Last week, I had a chance to talk to IronE Singleton, the actor who plays T-Dog on AMC’s The Walking Dead. It’s no secret that I had some problems with the constrained setting and pace of the first half of season two, but I thought the mid-season finale was really impressive, and I have high hopes for the remainder of the season. I’d really like to see a bit more focus on T-Dog, who I think is sometimes overlooked.
In our chat below, we talked about zombie makeup, what to expect in the upcoming second half of season two, and University of Georgia football. Don’t forget to watch the mid-season premiere, tonight at 9 PM EST, on AMC.
I appreciate you taking some time out of your busy schedule.
I thank you for having me.
I’ll just start with some Walking Dead questions. I have to say that I was a bit surprised by the end of the previous episode, where we found out what happened to Sophia. I was wondering if the writers keep you away from any plot twists or are you ever surprised by something you read in the script?
We see the script before we shoot it, maybe even weeks in advance. But that right there was something we couldn’t get used to. You know, seeing Sophia walk out of that barn like that… it was devastating… When I first found out about it, Andrew Lincoln told me weeks prior to filming the episode, and it tore me apart. Then, once I got the script and read it, it hit me again, and then when we shot it, it was like that compounded. That was just was a miserable time right there, I’ll tell you that much.
On a similar note, the makeup in the show is just fantastic. Those zombies on the show just look so grotesque and horrible. What’s it like seeing that up close? It must be interesting.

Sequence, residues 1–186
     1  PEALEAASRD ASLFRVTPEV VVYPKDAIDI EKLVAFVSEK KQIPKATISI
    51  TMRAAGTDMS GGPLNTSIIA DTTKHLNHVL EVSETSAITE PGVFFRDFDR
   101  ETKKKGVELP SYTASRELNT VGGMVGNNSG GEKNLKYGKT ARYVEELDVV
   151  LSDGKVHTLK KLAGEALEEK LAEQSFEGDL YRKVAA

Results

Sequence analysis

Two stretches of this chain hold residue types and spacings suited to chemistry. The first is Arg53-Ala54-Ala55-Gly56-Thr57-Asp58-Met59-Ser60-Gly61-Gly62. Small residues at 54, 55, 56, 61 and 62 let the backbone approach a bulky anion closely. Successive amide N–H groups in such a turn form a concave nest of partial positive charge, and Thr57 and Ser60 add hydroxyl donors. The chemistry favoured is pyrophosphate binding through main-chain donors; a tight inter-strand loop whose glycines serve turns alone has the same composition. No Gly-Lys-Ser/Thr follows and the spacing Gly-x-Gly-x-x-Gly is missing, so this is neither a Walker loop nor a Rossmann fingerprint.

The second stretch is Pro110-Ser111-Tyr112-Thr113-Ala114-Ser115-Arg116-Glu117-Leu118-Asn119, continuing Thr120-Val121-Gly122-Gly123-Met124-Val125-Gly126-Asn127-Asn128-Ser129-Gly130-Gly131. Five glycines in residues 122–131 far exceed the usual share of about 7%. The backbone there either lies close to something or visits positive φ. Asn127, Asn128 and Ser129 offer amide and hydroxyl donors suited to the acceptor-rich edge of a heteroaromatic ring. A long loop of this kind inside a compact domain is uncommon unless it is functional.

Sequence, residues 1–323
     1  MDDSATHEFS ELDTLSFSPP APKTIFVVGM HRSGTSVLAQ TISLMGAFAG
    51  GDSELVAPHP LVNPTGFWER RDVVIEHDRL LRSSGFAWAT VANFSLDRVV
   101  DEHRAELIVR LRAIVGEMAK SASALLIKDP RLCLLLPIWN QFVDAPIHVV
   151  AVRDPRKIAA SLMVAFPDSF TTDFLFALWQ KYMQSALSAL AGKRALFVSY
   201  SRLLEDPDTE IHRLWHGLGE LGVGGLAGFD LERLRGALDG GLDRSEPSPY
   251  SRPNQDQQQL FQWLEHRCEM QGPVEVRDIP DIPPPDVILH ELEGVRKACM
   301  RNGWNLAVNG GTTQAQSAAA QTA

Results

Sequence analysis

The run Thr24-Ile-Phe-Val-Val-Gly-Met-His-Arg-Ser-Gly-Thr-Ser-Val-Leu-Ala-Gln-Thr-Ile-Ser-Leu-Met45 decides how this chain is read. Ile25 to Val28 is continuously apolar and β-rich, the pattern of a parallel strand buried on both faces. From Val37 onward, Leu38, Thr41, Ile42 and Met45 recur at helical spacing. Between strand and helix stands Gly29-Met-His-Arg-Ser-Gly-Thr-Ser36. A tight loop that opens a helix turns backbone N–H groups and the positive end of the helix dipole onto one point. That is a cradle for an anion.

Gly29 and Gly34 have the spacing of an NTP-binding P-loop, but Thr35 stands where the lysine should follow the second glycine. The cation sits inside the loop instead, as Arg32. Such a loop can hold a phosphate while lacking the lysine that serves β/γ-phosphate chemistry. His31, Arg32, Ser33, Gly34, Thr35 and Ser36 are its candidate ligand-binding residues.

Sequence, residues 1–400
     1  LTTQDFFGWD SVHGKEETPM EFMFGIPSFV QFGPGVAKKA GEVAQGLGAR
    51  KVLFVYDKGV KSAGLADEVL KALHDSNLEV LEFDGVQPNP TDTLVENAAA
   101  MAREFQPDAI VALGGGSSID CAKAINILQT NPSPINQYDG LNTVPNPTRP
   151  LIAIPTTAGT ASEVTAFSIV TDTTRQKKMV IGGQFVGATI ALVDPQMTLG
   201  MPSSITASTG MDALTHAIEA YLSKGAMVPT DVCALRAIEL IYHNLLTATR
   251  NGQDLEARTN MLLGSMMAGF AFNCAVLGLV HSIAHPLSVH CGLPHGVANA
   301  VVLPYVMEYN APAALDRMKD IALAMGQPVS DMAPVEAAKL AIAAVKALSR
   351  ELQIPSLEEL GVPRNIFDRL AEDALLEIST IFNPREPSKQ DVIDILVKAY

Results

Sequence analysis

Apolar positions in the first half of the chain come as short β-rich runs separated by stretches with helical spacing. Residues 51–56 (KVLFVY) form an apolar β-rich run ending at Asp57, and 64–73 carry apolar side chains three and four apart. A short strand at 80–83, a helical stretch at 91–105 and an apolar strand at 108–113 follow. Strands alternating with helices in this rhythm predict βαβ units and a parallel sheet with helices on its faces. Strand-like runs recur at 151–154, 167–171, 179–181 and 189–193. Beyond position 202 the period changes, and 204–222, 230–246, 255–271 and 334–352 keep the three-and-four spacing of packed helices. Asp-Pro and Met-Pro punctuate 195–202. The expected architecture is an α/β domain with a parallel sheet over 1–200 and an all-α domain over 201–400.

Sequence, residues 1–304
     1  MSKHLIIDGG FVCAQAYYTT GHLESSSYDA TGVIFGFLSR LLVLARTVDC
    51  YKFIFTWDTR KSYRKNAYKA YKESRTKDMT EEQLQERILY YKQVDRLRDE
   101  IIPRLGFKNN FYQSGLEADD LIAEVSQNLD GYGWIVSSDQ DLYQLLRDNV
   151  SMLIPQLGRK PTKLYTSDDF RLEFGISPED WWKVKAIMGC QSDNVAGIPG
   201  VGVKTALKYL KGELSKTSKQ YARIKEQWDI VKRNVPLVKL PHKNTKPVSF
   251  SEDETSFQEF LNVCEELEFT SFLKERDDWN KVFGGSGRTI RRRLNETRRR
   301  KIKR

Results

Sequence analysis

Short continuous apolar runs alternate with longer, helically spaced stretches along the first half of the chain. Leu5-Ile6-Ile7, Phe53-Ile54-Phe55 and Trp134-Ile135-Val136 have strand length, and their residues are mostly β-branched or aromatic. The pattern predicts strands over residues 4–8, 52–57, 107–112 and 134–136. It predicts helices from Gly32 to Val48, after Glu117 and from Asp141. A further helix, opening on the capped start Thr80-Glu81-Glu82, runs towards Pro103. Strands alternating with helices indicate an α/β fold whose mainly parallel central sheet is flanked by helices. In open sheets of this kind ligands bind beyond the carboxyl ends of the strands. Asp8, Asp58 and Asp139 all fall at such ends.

Very interesting, to say the least, especially at the very beginning when we first started shooting season two. We kind of got used to being around them and then it just became part of the routine, but there are certain zombies that you never get used to. Like the well zombie, for instance. That was an abomination. That thing was so filthy and nasty and ugly and every other adjective you can use to describe how horrific that thing was. But you kind of get used to them. You know, you’re just walking around, say “Hey,” give them a wave and hello or something like that.
Yeah, you see one of them standing at the lunch table getting lunch or something…
[Laughs.] You’ll be right behind them, or right in front of them, they’re getting lunch, asking them what they’re going to eat for lunch. “Oh, you’re having the salad? Okay. Can you pass me that ranch dressing?” [Laughs.] It’s just like that.